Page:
S Chart of All Data

The S chart plots the subgroup standard deviations. The center line is the average of all subgroup standard deviations. The control limits, which are set at a distance of 3 standard deviations above and below the center line, show the amount of variation that is expected in the subgroup standard deviations.

Minitab displays an S chart to monitor variation if your subgroup size is greater than or equal to 9. If more than 50% of the subgroups are the same size, then the most common subgroup size determines the chart. Otherwise, the largest subgroup size determines the chart.

Interpretation

Use an S chart to monitor the variation (standard deviation) of your process and determine whether it is stable enough to perform capability analysis. For a between/within analysis, the S chart indicates whether the variation within subgroups is in control.

Red points indicate subgroups that fail at least one of the tests for special causes and are not in control. Out-of-control points indicate that the process may not be stable and that the results of a capability analysis may not be reliable. You should identify the cause of out-of-control points and eliminate special-cause variation before you analyze process capability.

In these results, the points vary randomly around the center line and are within the control limits. No trends or patterns are present. The variation of the process is stable enough to perform capability analysis.

Tests for special causes

The tests for special causes assess whether the plotted points on each control chart are randomly distributed within the control limits.

Interpretation

Use the tests for special causes to determine which observations you may need to investigate and to identify specific patterns and trends in your data. Each of the tests for special causes detects a specific pattern or trend in your data, which reveals a different aspect of process instability.

One point more than 3 standard deviations from center line
Test 1 identifies subgroups that are unusual compared to other subgroups. Test 1 is universally recognized as necessary for detecting out-of-control situations. If small shifts in the process are of interest, you can use Test 2 to supplement Test 1 in order to create a control chart that has greater sensitivity.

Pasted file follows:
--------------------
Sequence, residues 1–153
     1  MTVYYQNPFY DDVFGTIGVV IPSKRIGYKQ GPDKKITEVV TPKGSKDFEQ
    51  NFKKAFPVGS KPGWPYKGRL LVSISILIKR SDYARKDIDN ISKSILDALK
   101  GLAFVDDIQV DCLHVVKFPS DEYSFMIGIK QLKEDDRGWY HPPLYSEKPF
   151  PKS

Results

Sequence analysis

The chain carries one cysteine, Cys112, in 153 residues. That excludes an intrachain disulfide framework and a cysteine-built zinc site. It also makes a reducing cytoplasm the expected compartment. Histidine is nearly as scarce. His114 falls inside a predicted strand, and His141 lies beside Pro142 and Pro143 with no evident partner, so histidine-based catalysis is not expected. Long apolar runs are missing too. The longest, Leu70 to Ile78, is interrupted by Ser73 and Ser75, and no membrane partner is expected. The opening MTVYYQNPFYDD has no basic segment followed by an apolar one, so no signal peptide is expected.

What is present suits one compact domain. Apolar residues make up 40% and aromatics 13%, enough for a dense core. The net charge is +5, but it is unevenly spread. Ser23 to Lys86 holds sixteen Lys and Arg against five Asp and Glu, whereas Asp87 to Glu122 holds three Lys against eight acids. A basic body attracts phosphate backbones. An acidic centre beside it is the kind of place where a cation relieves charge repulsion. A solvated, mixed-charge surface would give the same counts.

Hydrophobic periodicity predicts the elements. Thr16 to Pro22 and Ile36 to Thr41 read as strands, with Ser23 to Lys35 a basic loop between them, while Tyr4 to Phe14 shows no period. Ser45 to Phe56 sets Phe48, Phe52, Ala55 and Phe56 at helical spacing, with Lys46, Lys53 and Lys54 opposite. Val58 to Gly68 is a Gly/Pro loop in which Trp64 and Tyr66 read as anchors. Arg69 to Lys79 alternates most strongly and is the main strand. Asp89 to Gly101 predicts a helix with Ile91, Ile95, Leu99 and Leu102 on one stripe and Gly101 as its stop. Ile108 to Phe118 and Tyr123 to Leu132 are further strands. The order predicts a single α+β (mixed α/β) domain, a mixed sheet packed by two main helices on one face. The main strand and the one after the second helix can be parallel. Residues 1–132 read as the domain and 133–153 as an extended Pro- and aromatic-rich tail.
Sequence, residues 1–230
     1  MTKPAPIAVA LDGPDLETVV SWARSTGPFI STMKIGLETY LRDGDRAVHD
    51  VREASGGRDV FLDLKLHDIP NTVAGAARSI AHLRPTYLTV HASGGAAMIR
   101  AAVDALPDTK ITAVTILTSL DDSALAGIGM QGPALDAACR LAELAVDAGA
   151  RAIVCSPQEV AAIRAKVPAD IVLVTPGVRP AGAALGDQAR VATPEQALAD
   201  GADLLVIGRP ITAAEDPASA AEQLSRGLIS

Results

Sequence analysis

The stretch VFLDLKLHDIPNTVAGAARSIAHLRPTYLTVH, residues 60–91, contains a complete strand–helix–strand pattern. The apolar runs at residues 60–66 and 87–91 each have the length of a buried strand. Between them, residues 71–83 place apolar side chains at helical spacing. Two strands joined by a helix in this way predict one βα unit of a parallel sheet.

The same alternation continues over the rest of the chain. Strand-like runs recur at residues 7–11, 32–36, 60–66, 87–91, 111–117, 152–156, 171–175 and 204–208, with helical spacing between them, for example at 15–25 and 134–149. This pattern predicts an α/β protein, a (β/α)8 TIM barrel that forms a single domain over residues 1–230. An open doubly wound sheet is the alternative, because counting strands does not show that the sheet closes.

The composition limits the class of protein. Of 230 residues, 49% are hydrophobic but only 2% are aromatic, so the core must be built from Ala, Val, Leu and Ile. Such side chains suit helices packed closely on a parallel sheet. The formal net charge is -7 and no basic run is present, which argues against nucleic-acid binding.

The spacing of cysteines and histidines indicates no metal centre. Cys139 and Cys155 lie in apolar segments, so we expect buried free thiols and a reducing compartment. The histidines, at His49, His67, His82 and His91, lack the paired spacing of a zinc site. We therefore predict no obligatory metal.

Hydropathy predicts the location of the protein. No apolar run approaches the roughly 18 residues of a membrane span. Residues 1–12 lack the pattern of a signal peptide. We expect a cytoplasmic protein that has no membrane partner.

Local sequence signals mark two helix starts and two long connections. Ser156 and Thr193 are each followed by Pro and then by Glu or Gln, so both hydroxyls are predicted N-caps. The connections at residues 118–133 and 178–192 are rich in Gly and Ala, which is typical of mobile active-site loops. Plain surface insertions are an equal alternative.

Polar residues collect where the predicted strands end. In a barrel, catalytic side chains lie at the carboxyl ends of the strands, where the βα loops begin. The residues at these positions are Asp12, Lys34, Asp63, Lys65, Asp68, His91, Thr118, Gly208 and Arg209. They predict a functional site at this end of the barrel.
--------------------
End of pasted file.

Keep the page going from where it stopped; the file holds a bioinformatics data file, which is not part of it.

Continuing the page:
Nine points in a row on same side of center line
Test 2 identifies shifts in the process centering or variation. If small shifts in the process are of interest, you can use Test 2 to supplement Test 1 in order to create a control chart that has greater sensitivity.
Six points in a row, all increasing or all decreasing
Test 3 detects trends. This test looks for long series of consecutive points that consistently increase in value or decrease in value.
Fourteen points in a row, alternating up and down
Test 4 detects systematic variation. You want the pattern of variation in a process to be random, but a point that fails Test 4 might indicate that the pattern of variation is predictable.
Two out of three points more than 2 standard deviations from center line (same side)
Test 5 detects small shifts in the process.
Two out of three points more than 2 standard deviations from center line (same side)
Test 6 detects small shifts in the process.
Fifteen points in a row within 1 standard deviation of center line (either side)
Test 7 detects a pattern of variation that is sometimes mistaken as evidence of good control. This test detects control limits that are too wide. Control limits that are too wide are often caused by stratified data, which occur when a systematic source of variation is present within each subgroup.
Eight points in a row more than 1 standard deviation from center line (either side)
Test 8 detects a mixture pattern. In a mixture pattern, the points tend to fall away from the center line and instead fall near the control limits.

Capability Histogram

The capability histogram shows the distribution of your sample data. Each bar on the histogram represents the frequency of data within an interval.

The between/within and overall curves on the histogram are normal distribution curves that are generated using the process mean and different estimates of process variation. The between/within curve (dashed black) uses the between/within-subgroup standard deviation, whereas the overall curve (red) uses the overall standard deviation.